Digging In - Advice on Eliminating Stink Bugs, Righting a Holly Tree

By Scott Aker
Special to The Washington Post
Thursday, January 22, 2009

Q I've had a terrible time with stink bugs in the vegetable garden, and the kids are finding them in the house. So I know they will return in the next growing season. Do you have any suggestions for getting rid of them? I've been thinking of ordering some praying mantid egg masses. If the mantids won't work, can you suggest other environmentally safe methods of destinking my garden?

A I suspect that you are referring to an insect with a long name and a short history in the United States, the brown marmorated stink bug. It is an accidental import from Asia, and its numbers have been increasing in our area in recent years. Praying mantids may kill some of them, but there will never be enough mantids to provide meaningful control. Mantids are territorial and will duel to the death with any neighboring mantids.

Stink bugs are primarily a nuisance inside the home, but they are a bane for vegetable gardeners. Indoors, they don't feed on anything during the winter, but they do emit a strong odor if disturbed. Check for gaps around windows and doors, and seal them.

This species of stink bug, which feeds on a wide variety of host plants, is most damaging to fruit and vegetable crops. Green beans, peaches and raspberries are most affected, in my experience. The insects are particularly damaging to raspberries because their scent renders the berries inedible.

The best way to control them outdoors is to destroy their eggs, which are yellow and massed in groups of 20 to 30 on the undersides of leaves. Check for them weekly from mid-spring through early summer. Hatching nymphs can be controlled with insecticidal soap.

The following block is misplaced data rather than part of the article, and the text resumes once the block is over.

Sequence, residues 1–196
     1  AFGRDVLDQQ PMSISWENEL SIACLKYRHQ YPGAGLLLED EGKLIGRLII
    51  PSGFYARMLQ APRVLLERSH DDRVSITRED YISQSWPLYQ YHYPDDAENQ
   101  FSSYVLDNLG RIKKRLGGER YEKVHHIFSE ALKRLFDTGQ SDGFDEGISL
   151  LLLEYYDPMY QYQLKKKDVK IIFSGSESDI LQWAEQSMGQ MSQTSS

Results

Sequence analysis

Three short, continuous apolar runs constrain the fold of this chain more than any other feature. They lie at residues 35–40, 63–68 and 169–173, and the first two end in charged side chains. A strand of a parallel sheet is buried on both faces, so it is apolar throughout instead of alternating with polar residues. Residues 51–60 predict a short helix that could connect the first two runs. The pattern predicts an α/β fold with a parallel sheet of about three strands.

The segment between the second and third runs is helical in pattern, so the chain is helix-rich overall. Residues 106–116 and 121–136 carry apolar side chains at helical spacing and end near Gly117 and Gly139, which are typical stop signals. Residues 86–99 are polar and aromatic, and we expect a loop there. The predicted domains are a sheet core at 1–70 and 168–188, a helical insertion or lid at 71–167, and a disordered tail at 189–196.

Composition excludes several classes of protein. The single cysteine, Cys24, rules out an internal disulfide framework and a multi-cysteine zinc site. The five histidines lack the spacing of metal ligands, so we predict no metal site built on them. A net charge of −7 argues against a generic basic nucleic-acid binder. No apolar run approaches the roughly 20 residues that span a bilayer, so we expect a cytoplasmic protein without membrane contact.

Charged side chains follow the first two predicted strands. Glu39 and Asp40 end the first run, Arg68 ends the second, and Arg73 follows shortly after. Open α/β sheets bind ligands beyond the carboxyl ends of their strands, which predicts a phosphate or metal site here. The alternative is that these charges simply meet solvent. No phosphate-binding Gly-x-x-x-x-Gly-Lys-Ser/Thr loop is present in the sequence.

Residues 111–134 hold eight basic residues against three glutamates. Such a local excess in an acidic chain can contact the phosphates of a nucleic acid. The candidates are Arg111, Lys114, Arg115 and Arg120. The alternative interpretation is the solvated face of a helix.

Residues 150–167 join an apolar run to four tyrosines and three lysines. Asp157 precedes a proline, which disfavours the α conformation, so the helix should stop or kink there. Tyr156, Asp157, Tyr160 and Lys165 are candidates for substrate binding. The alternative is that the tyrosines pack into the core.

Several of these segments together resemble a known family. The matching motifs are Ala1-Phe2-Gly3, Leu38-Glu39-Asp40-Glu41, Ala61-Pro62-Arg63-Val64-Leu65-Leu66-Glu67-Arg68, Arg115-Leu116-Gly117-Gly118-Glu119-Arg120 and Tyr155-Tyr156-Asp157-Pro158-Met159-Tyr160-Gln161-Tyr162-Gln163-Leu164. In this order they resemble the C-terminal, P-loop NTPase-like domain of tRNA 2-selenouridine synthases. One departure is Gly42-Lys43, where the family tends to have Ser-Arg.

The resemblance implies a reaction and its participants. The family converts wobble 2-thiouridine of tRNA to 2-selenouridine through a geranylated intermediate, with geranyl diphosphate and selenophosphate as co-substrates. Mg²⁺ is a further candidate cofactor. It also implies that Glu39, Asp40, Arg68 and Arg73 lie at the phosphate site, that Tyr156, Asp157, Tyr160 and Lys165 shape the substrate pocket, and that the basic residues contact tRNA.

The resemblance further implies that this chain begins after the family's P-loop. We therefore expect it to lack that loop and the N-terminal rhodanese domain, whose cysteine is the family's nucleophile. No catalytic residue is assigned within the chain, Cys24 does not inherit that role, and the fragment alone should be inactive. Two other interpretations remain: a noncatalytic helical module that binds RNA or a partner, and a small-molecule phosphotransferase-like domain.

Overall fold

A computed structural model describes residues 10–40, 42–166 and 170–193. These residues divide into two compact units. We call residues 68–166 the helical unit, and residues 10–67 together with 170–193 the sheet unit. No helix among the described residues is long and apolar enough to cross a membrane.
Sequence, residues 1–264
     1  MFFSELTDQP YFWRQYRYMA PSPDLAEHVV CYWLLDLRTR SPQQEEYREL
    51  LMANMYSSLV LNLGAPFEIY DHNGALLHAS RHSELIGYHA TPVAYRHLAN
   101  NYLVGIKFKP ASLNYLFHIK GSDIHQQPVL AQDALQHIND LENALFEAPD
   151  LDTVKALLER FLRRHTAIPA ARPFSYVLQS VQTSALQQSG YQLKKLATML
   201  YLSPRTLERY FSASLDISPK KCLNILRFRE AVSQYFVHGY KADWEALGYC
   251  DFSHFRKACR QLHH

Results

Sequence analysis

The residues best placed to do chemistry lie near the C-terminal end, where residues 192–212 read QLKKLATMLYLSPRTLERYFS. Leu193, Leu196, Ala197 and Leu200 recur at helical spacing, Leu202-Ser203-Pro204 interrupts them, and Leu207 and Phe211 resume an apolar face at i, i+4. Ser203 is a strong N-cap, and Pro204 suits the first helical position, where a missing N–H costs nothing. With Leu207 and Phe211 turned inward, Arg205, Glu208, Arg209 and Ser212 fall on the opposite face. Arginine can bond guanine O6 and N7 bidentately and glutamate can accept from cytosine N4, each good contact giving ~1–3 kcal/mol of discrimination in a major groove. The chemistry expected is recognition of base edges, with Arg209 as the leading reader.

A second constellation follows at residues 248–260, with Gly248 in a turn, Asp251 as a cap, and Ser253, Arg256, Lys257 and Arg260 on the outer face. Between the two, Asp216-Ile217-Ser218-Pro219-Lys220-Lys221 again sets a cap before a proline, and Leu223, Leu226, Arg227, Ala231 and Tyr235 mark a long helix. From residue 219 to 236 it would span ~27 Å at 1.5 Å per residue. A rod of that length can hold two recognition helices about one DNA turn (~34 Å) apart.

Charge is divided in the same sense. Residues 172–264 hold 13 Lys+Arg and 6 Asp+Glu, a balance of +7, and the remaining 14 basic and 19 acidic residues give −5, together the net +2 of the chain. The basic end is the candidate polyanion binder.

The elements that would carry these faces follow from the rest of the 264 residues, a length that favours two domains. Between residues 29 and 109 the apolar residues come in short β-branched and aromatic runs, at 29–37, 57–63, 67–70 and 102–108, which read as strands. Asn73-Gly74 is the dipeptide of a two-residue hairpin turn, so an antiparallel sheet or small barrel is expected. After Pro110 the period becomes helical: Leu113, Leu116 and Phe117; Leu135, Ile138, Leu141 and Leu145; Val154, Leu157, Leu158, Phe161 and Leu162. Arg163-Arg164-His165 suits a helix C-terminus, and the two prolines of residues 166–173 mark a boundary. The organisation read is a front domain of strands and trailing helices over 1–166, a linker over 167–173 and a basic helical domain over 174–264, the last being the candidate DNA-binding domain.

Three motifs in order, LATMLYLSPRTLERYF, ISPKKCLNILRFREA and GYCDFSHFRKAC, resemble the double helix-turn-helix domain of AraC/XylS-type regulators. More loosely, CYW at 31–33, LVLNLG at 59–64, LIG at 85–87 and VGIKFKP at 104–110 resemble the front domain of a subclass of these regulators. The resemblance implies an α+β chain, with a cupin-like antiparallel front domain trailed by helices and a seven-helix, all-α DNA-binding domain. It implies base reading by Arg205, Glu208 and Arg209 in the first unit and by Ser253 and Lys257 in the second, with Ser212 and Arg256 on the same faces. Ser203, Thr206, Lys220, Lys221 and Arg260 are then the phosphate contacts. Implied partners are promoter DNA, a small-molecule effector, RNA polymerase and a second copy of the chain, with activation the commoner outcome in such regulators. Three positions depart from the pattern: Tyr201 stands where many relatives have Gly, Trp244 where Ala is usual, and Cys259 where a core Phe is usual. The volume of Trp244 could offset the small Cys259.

The adults are difficult to control. In commercial apple orchards, a pesticide containing kaolin clay has been used to prevent feeding injury, but the clay must be washed off the fruits at harvest. In the home garden, handpick any bugs you find. When autumn arrives, clean up the garden to deny the bugs and their eggs winter shelter. Thorough weeding in spring will also reduce their habitat. Stink bugs often start feeding on weeds and then move into vegetable crops as the season progresses.

I have an eight-foot holly tree that needs to be replanted because it is leaning too much. When would be the best time to do this?

Instead of uprooting the holly, you may be able to right it with a rope attached to a metal stake. After several years, it should remain vertical on its own. This is the best option if your plant is mature and well established.

If you planted it recently, it would be best to dig it up and replant it. Do this in March or early April. It may have tilted because the soil on the side opposite the lean was too compacted or wet to allow good root development. If that is the case, make sure when replanting that the roots are loosened and that soil conditions are corrected in the new site.

Scott Aker is a horticulturist at the U.S. National Arboretum.

© 2009 The Washington Post Company